Thursday, February 02, 2006

Duke 83, Boston College 81

Here's the table from last night's game...

Player

Off. Poss.

Off. PPP

Def. Poss.

Def. PPP

Paulus-on

61

1.23

60.5

1.17

Paulus-off

14

.57

14.5

.69

Redick-on

75

1.11

75

1.08

Redick-off

0

0

0

0

Dockery-on

60

1.12

57.5

1.17

Dockery-off

15

1.07

17.5

.80

McRoberts-on

42

1.24

43

1.21

McRoberts-off

33

.94

32

.91

Williams-on

69.5

1.09

70

1.06

Williams-off

5.5

1.27

5

1.40

Melchionni-on

34.5

.99

35

.89

Melchionni-off

40.5

1.21

40

1.25

Nelson-on

30.5

.79

34

.85

Nelson-off

44.5

1.33

41

1.27

Team Totals

75

1.107

75

1.08



A couple interesting points from this - first, the defense was substantially better when we had Nelson and Melchionni on the floor. The former doesn't surprise me, but the latter always does. This isn't the first time the defense has been quite a bit better with Lee on the floor as opposed to off. In fact, we've been better defensively when he's on the court in every game I've charted except Maryland (and we sported a .79 ppp when he was on the floor in that game). To me, this defies visual observation - Lee always seems a step slow on defense, which by extension would put more pressure on the other four players to cover his weaknesses, which would create more offensive opportunities. If anyone has any thoughts on why we seem to be better when Lee's on the floor, I'd love to hear them. Here's one idea, backed by zero empirical research - when he comes off the bench, he comes into the game when the other team has their bench players in as well. These players, on the whole, do not execute as well offensively as the starters, hence it's "easier" defense against those players. Like I said, this is pure speculation (though supported by that statistics from our end in this game - the team had a ppp below 1 when they were on the court, and above it for the other five players), but I'm really confused as to why the person who appears to be one of our worst defenders is continually on court when Duke plays its best defense.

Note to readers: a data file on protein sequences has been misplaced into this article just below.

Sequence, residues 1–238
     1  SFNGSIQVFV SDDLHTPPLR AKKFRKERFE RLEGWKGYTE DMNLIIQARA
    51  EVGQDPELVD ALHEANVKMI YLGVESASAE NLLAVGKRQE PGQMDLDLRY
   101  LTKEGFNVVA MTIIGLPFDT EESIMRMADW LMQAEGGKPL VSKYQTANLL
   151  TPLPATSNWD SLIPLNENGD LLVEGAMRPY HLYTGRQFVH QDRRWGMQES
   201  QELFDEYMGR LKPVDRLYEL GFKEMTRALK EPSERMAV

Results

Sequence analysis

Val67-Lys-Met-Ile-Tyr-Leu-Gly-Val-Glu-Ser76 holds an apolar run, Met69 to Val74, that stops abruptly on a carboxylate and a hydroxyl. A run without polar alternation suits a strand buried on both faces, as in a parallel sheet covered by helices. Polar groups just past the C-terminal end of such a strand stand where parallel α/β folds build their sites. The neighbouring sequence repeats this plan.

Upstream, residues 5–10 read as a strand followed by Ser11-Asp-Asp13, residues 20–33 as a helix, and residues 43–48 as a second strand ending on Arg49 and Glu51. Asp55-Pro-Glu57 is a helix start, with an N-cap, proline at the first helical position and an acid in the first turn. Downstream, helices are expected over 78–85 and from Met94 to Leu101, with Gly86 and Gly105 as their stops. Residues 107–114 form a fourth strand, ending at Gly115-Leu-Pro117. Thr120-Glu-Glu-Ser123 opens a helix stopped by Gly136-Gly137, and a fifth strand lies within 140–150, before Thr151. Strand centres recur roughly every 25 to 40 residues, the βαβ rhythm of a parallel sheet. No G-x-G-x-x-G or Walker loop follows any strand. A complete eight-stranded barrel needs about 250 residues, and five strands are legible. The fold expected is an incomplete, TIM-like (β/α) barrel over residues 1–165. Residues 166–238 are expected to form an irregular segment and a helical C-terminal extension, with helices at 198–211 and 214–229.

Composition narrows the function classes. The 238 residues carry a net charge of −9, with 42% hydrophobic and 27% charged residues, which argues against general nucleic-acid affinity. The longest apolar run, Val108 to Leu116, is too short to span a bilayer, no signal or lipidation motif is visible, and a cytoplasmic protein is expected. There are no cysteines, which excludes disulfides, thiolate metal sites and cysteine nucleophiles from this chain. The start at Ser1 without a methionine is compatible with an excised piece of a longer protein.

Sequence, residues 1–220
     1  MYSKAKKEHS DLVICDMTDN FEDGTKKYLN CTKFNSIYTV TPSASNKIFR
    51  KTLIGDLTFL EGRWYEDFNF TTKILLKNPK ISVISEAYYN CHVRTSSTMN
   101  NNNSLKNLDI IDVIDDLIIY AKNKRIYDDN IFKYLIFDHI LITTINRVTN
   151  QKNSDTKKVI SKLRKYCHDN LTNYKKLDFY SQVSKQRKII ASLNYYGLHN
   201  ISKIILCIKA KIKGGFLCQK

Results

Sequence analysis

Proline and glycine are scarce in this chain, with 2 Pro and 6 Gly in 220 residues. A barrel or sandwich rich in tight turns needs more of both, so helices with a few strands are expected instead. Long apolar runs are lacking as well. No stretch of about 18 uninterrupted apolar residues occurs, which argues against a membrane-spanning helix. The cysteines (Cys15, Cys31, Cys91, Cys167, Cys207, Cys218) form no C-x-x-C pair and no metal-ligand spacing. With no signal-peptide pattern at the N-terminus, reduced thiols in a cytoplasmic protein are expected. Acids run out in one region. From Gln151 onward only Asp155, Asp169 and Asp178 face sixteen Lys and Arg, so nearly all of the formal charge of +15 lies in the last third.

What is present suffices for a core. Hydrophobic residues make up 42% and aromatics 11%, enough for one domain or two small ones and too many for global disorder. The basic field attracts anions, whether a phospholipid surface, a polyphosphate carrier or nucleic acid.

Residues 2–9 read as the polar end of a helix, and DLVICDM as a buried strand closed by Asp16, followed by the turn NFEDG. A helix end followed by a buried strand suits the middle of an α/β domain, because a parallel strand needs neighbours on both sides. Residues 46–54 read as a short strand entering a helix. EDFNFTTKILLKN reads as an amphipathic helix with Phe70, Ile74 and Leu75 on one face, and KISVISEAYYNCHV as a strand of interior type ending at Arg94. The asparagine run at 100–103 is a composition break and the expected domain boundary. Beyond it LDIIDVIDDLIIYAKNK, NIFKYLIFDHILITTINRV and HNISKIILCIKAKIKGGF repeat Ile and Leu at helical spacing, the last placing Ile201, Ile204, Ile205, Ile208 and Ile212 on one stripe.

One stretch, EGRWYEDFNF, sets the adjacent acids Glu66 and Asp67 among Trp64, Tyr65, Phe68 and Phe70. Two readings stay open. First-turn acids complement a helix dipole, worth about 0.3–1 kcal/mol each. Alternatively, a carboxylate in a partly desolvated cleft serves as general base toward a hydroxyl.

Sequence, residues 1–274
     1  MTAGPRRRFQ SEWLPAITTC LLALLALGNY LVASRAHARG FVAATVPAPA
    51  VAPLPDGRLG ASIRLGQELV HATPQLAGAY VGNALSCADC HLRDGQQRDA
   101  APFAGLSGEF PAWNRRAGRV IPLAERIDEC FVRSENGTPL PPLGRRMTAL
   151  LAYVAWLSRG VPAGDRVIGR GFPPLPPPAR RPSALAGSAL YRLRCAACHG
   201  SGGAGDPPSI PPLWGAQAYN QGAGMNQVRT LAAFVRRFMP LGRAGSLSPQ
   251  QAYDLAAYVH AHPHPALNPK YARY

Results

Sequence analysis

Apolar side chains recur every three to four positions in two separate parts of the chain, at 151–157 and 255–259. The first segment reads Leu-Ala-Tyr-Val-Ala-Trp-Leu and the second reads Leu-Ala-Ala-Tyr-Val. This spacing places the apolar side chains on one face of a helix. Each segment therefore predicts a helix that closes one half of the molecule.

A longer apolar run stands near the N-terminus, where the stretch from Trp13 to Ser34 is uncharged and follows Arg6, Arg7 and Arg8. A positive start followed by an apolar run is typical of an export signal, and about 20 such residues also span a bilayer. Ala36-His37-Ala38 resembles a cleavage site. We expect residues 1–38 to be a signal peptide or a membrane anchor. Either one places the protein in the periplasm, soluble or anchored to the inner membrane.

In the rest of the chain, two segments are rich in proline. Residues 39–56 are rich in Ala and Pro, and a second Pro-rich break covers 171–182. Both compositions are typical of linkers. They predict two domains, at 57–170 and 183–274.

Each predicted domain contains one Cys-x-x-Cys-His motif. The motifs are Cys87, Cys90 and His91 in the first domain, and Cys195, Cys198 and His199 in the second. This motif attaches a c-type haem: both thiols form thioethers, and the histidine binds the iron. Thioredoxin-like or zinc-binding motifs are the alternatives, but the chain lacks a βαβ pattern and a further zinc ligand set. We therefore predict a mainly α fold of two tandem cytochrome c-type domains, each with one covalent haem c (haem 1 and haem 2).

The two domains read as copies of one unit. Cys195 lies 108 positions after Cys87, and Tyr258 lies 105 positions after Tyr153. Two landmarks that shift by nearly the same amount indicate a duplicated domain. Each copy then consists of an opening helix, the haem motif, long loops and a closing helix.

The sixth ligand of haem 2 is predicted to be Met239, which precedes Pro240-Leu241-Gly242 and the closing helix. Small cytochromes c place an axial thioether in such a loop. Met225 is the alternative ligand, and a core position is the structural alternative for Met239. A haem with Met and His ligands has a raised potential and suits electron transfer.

Also, the trend I pointed out last time (offensive discrepancy when Paulus is on and off court) continued again - 75 points in 61 possessions while on the court, and only 8 in 14 possessions while off. The margin tonight was an astounding .66 points per possession, and on the season it's now .38 ppp - so when he's on the bench, we score slightly more than one point fewer every three possessions. Even though he wasn't very visible in the scorebook (1 point, 3 assists), his presence on the court was once again important in the end result.